Some Updates on Wheat Varieties and Gluten
Jun 10, 2018
Anyone familiar with consumer and food trends is no stranger to the range of 'gluten-free' foods being labeled on the market. Everything from oatmeal to bottled water. While only 1% or less of the US population has the most extreme form of gluten sensitivity, (celiac disease) many consumers have a negative view of gluten. I would say 'wheat' products since gluten is a wheat protein, but many consumers and food marketers disregard the facts about what gluten is or where it comes from. I remember a few years ago at my daughter's gymnastics class overhearing a parent comment that their kid's soccer game was terrible earlier because they had previously eaten french fries that were not gluten free! Potatoes of course don't have gluten. (A generous view would consider maybe they were some kind of beer battered fries that used flour...or they were worried about the same fryer being used to fry something else like battered fish etc...)
One thing for sure, a lot of products containing wheat have gotten a bad rap because of the gluten free trend, and manufactures have taken the opportunity to slap a gluten free label on about anything to sell it. Another common theme is that it's modern wheat varieties that are to blame. (I've even heard claims that it's GMO wheat....despite no GMO wheat has ever been on the market). In a recent Talking Biotech podcast Kevin Folta interviews Dr. Senay Simsek about her work in the Journal Food Chemistry related to modern wheat varieties and gluten. When looking across a wide range of wheat varieties used in the past and into the present day, they find no evidence that modern era wheat (starting in the 1960's) is more likely to contain the proteins related to the most extreme forms of gluten sensitivity. So this gives some evidence to push back against some of the false hype around gluten.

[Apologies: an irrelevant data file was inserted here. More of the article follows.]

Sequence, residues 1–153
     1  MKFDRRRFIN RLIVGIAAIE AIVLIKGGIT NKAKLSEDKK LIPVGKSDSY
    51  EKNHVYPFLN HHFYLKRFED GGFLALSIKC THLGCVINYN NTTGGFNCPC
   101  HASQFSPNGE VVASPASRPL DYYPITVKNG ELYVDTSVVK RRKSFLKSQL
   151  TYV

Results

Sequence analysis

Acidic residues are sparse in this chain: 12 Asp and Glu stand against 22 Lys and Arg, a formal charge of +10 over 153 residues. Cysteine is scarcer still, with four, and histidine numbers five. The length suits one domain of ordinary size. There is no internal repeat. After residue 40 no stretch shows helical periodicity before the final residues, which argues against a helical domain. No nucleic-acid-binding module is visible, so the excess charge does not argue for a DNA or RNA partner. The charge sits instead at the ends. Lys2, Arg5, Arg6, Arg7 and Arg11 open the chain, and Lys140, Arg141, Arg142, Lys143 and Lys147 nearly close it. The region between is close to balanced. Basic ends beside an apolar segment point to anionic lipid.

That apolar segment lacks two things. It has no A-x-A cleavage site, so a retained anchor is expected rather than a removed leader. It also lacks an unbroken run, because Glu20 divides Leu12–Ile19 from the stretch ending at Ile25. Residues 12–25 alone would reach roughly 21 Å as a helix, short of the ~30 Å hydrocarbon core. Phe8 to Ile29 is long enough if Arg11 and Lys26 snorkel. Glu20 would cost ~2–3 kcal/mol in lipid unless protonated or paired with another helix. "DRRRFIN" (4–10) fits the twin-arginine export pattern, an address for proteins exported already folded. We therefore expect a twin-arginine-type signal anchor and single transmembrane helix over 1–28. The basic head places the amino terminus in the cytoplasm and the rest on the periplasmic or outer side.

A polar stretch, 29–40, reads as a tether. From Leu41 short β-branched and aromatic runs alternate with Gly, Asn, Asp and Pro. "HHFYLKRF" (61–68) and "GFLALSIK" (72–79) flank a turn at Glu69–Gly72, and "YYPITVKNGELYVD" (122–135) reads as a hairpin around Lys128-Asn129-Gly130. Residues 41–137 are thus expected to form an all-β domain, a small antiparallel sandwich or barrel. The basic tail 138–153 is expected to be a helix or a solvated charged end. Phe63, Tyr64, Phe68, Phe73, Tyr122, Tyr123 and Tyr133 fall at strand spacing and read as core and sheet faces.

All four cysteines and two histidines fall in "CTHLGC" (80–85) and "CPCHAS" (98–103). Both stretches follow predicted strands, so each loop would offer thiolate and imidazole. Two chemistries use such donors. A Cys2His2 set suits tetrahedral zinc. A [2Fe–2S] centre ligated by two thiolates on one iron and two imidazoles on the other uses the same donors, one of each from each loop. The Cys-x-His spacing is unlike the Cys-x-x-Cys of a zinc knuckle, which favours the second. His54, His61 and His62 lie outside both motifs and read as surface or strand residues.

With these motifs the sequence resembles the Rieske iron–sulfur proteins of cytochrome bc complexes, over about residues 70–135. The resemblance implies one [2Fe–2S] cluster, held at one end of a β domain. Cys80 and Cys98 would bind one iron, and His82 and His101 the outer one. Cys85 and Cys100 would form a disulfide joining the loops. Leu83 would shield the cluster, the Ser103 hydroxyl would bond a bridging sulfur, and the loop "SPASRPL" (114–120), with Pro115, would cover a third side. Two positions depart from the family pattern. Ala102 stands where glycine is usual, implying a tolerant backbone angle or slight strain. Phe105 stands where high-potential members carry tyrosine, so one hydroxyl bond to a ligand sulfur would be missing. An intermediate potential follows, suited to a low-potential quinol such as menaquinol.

In part of the discussion, they talked about the fact that combining improved knowledge of gluten sensitivity, wheat genetics, and tools like gene editing could potentially open the door for developing wheat products that were 'gluten free' or at least free of the particular sub-classes of proteins that were problematic.
However, with less than 1% of consumers actually having Celiac disease is this a profitable thing to pursue? You might think so for a few reasons. 1) Those with celiac disease could eat pizza again 2) Even those with other types of gluten sensitivities could enjoy a wider range of products. 3) Food marketers have demonstrated that they believe there is value in the 'gluten free' appeal based on proliferation of gluten free labels on the shelf. But I think here is the rub. Many many probably avoid gluten, not because they have celiac disease, or even necessarily even because they have sensitivities to gluten. I wonder how much of the hype is based on following the crowd and making political fashion statements about 'big ag' and the Green Revolution and our addiction to industrial chemicals and fertilizers? A modern technological breakthrough that actually could lead to bread and pasta Celiacs could eat might be rejected by the larger block of consumers that would be most likely to buy the watermelons at the farmers market if they are advertised as 'gluten free.'
Sad. True. Ironic. At least this research pushes back a little agains some of the hype driving this craze.